Academic journal article Australian Primary Mathematics Classroom

Children with Down Syndrome Learning Mathematics: Can They Do It? Yes They Can! Jo Brady, Barbara Clarke, Ann Gervasoni Discuss Some Teaching Approaches That Can Be Used to Assist Children with Down Syndrome to Learn Mathematics

Academic journal article Australian Primary Mathematics Classroom

Children with Down Syndrome Learning Mathematics: Can They Do It? Yes They Can! Jo Brady, Barbara Clarke, Ann Gervasoni Discuss Some Teaching Approaches That Can Be Used to Assist Children with Down Syndrome to Learn Mathematics

Article excerpt

Background

The mathematical development of children with Down syndrome (DS) is largely uncharted territory and yet the experience of parents and teachers reminds us that children with DS can and do learn mathematics. In the 1970s, few children with DS had access to schooling and authorities in the field (Restak, 1975, cited in Rynders & Horrobin, 1990) were still arguing whether education was possible! Three decades later, the specific area of mathematics education for DS children remains an emerging field. In 2008, many children with DS in Australia attend their local school and are included in classrooms with their age peers. At present, little research information is available to guide teachers to provide the best opportunities for the children to learn mathematics. Some suggestions are provided in the resource list at the end of this article.

Down syndrome is one of the most common congenital chromosomal variations present in all populations, occurring approximately once in 700 Australian births (Selikowitz, 1997). Down syndrome results almost universally in intellectual impairment, although the extent of the disability varies. People with Down syndrome have been part of many research studies and a great deal is known about how they learn (Buckley & Bird, 2002; Wishart, 2002), their physical development (Bruni, 2006; Winders, 1997) and their acquisition of language (Buckley, 2000). However, very little is known about their acquisition of mathematical concepts.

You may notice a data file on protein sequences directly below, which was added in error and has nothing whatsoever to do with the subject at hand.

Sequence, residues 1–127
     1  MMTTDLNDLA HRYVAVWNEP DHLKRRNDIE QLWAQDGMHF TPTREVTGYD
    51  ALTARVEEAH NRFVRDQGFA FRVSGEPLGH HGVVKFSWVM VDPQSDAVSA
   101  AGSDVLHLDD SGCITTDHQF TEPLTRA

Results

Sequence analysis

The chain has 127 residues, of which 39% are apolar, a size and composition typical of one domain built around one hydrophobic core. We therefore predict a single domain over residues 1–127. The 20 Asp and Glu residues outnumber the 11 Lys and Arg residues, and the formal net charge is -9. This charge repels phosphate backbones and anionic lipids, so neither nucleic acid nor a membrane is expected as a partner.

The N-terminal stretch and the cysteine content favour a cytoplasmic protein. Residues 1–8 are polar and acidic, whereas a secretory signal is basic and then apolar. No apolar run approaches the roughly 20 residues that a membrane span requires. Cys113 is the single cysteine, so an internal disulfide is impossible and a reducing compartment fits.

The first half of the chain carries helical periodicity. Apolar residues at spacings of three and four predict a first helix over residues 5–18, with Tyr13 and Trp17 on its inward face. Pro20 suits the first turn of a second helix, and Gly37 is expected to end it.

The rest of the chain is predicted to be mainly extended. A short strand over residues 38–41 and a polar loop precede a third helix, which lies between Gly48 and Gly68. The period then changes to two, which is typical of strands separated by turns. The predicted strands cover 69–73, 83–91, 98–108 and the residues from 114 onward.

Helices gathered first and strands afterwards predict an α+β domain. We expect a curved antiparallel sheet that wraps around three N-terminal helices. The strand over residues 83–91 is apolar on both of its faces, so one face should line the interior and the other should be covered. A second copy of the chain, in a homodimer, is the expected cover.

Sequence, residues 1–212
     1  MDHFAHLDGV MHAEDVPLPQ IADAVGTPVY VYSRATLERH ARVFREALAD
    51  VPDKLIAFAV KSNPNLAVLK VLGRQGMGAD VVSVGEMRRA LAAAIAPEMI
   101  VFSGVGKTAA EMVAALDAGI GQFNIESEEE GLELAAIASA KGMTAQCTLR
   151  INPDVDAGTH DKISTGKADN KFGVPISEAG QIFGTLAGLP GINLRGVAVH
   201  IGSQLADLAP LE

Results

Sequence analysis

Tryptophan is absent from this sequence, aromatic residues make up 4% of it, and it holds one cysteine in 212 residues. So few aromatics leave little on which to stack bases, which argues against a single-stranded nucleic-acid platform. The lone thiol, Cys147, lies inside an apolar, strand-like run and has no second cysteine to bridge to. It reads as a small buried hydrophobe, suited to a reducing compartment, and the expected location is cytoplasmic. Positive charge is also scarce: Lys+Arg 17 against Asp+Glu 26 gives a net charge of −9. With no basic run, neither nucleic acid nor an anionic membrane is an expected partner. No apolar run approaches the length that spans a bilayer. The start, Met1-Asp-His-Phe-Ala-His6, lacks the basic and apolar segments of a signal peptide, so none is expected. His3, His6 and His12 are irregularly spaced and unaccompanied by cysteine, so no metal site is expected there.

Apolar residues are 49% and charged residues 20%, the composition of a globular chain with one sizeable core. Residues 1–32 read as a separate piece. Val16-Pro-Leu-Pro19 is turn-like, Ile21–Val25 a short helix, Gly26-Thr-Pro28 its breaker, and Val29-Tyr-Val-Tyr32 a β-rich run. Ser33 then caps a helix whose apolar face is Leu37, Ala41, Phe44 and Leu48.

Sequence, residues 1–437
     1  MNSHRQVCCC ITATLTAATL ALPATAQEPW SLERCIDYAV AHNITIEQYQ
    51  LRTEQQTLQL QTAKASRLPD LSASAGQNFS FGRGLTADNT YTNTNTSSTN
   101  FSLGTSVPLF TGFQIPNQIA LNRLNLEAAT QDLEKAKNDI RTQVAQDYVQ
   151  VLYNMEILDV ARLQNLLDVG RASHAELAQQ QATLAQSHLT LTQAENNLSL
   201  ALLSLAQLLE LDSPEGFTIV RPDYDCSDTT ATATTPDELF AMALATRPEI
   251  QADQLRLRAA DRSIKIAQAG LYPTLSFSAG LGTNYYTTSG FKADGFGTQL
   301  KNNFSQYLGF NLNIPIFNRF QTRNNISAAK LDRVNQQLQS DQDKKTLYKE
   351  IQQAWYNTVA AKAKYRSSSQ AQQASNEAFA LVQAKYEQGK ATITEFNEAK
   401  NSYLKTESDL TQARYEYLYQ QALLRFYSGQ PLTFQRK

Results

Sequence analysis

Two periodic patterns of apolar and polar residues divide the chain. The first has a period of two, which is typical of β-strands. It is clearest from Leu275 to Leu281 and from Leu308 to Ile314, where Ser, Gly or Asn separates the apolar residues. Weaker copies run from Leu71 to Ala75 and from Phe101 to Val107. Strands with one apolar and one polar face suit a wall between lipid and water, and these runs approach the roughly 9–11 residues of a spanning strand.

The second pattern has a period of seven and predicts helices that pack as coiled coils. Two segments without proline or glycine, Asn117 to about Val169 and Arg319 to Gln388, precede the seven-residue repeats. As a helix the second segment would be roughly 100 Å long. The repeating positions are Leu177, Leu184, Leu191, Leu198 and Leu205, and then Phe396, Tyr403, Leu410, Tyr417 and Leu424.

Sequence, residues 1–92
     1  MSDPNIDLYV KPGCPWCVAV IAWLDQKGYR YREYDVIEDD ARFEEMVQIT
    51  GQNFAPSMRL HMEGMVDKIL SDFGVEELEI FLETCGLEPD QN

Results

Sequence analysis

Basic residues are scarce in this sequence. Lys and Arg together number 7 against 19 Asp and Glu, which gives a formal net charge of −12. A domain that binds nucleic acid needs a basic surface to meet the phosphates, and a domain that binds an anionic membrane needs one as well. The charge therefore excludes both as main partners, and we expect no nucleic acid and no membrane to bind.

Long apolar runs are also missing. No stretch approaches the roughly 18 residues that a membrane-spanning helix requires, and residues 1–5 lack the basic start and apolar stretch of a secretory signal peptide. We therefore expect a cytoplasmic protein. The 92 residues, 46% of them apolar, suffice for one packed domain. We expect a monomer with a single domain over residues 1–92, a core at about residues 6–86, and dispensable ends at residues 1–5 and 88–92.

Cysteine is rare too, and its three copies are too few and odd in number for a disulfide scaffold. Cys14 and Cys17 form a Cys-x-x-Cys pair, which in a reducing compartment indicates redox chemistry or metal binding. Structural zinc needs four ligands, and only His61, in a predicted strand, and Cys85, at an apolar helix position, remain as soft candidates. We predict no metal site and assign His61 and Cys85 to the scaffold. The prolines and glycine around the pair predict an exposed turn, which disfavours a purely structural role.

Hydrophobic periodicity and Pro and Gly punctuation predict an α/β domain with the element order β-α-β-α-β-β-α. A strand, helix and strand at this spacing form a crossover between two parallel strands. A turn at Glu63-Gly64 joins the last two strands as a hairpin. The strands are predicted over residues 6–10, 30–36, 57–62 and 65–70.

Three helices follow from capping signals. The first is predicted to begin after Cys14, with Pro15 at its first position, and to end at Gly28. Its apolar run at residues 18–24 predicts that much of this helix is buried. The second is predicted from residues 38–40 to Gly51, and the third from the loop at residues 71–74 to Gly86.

Against this background of limited DS research, there is a stark contrast with the burgeoning interest in the mathematical development of children in general early childhood settings in Australia. A number of Australian states have undertaken major projects to assess and provide early intervention in mathematics (some states focussing on Number) such as the Early Numeracy Project (Victoria), Count Me In Too (New South Wales), Year 2 Net (Queensland) and First Steps (Western Australia). Through these projects, a considerable amount of data on the mathematical development of Australian children has been obtained (Bobis et al., 2005).

A brief description of the study

The research project used task-based interviews to gather data on the mathematical development of children with Down syndrome, modifying the Early Numeracy Interview (Clarke et al., 2002) and the Early Mathematics Understandings instrument (Gervasoni, 2004). Although these instruments are already demonstrably effective, modification, trial and development was necessary because, to our knowledge, neither had been used with children with Down syndrome.

Twelve children, ranging in age from 6 to 12 years, were recruited for participation in this study. The children were interviewed twice in the year, around July and November. The interview involved asking children to perform tasks with objects. For example, we put a collection of plastic teddy counters on the table and asked the participant to put all the yellow teddies together and then to count them. The equipment was put in a variety of interesting boxes and containers to encourage curiosity about the tasks. We videotaped the interviews and parents were invited to observe and make notes for discussion later. Figure 1 shows an interview in progress

[FIGURE 1 OMITTED]

Interviewing the children

In making decisions about the staging of the interviews, we were mindful of research that demonstrated the diminished performance of children when they were interviewed in clinical settings by researchers they did not know (Brown & Semple, 1970). Therefore, children were interviewed in a familiar setting in the presence of a parent. On one occasion, a teacher observed as well and, in another, a teacher aide was present.

Time was spent at the start of the interview chatting to the parent and the child. This allowed the interviewer the opportunity to become accustomed to the style of communication of the child. …

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